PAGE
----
But what is the connection to violent extremist Islam, which is very close given Senegal’s geographical location? Someone even said to me: Suppose a great leader in a group embraces extremism, his followers immediately follow.

“The jihadists work very methodically. They know they cannot take over the Brotherhood.

This will not happen, it seems in unison among my interlocutors. “Great intellectuals run the Brotherhood. They are real bastions of power and have great resources. “They will not take up arms,’” says Alioune Tain. “Even the most extreme Wahhabis, despite differing opinions, are part of our nonviolent Islam.”

Sahad Sarr also does not see the Brotherhood immediately entering into alliances with jihadism: “That would be an unnatural alliance. We do not intend to allow that to happen. We adhere to our tolerant Islam.

Mami Mokhtar Ghaye, however, is the spokesperson for the outspoken conservatism within Senegalese Islam, distancing himself from extreme fundamentalism.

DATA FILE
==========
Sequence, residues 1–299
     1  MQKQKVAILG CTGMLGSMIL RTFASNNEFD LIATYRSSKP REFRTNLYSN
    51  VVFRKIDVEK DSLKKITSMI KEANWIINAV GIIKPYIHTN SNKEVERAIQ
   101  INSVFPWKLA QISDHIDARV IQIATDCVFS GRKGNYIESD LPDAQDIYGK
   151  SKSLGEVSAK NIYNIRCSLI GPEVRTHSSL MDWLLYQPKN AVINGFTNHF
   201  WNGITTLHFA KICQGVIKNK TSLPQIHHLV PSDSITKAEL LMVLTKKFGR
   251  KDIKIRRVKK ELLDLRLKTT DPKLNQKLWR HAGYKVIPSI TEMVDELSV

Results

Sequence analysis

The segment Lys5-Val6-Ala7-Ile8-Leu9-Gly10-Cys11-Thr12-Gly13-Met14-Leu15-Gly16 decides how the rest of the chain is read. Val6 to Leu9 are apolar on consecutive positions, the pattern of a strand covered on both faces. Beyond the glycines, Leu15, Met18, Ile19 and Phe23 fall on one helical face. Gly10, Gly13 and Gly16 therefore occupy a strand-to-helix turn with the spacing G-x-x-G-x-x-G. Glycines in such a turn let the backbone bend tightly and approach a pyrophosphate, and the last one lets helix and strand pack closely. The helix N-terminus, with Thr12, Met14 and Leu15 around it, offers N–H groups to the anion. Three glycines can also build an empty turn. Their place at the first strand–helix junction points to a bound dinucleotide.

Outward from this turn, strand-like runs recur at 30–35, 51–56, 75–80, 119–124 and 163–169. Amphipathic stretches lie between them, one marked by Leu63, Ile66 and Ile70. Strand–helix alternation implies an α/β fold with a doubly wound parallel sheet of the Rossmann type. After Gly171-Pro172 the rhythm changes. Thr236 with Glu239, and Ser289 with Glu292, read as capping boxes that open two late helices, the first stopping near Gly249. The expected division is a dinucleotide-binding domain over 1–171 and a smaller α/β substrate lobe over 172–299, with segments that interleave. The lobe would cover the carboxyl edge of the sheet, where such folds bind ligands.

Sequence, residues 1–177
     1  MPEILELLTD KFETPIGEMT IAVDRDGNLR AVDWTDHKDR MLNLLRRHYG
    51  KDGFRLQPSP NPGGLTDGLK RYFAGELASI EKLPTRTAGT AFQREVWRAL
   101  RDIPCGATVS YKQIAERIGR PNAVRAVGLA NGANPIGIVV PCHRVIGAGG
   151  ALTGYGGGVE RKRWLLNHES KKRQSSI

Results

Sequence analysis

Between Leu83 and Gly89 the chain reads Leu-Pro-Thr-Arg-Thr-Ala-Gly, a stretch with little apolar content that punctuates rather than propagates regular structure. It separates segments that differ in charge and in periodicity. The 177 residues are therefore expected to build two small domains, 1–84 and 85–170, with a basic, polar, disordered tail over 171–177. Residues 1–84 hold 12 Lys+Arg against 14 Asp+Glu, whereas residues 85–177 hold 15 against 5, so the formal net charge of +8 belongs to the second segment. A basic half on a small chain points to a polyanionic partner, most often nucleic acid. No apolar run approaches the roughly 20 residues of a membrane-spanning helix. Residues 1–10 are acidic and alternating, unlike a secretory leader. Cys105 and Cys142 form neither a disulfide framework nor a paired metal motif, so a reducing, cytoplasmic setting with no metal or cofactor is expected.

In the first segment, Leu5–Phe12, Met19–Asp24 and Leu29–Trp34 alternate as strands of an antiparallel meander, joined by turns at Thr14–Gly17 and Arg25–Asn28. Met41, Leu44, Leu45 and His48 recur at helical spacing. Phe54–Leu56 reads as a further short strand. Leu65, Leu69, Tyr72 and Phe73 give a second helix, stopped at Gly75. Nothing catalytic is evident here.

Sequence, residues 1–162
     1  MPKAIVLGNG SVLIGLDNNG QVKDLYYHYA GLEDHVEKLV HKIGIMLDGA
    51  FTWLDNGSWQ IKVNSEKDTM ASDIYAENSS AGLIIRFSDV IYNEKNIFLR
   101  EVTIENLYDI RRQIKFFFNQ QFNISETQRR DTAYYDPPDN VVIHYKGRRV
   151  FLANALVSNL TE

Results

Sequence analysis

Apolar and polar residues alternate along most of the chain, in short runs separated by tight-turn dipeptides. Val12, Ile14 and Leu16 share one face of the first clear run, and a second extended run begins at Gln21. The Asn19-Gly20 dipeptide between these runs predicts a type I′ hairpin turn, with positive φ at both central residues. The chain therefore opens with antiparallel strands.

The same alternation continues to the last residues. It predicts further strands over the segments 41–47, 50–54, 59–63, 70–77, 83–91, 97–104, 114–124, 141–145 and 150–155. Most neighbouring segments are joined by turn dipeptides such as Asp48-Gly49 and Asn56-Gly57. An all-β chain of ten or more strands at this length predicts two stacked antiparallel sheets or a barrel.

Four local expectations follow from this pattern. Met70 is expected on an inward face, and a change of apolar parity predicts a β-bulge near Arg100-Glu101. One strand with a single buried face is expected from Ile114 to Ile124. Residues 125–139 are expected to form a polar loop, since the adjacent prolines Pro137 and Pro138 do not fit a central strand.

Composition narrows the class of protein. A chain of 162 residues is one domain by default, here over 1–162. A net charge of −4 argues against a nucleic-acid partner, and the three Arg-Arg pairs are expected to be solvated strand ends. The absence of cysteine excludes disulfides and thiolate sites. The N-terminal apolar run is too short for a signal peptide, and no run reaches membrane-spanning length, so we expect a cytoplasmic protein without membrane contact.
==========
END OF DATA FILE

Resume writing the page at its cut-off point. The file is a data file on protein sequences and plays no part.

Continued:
We reject violence and hatred. The danger of extremists getting off track is a permanent one. The state is vigilant and trying to help. We consider terrorists from neighboring countries criminal networks trying to steal their mafia business under a religious banner. This has nothing to do with Islam.

Alioune Taine concludes: “The jihadists are working according to plan. They know they cannot take over the Brotherhood. They are infiltrating where the state is weak, playing with frustrations and disagreements. They have done it elsewhere and they want to do it here. They are already working on it. They know Where are we at risk?

This article is part of a series and has been created with the support of the Pascal Decroiss Fund for Private Journalism.

* nickname. It is about the same person I referred to in the first part of this report.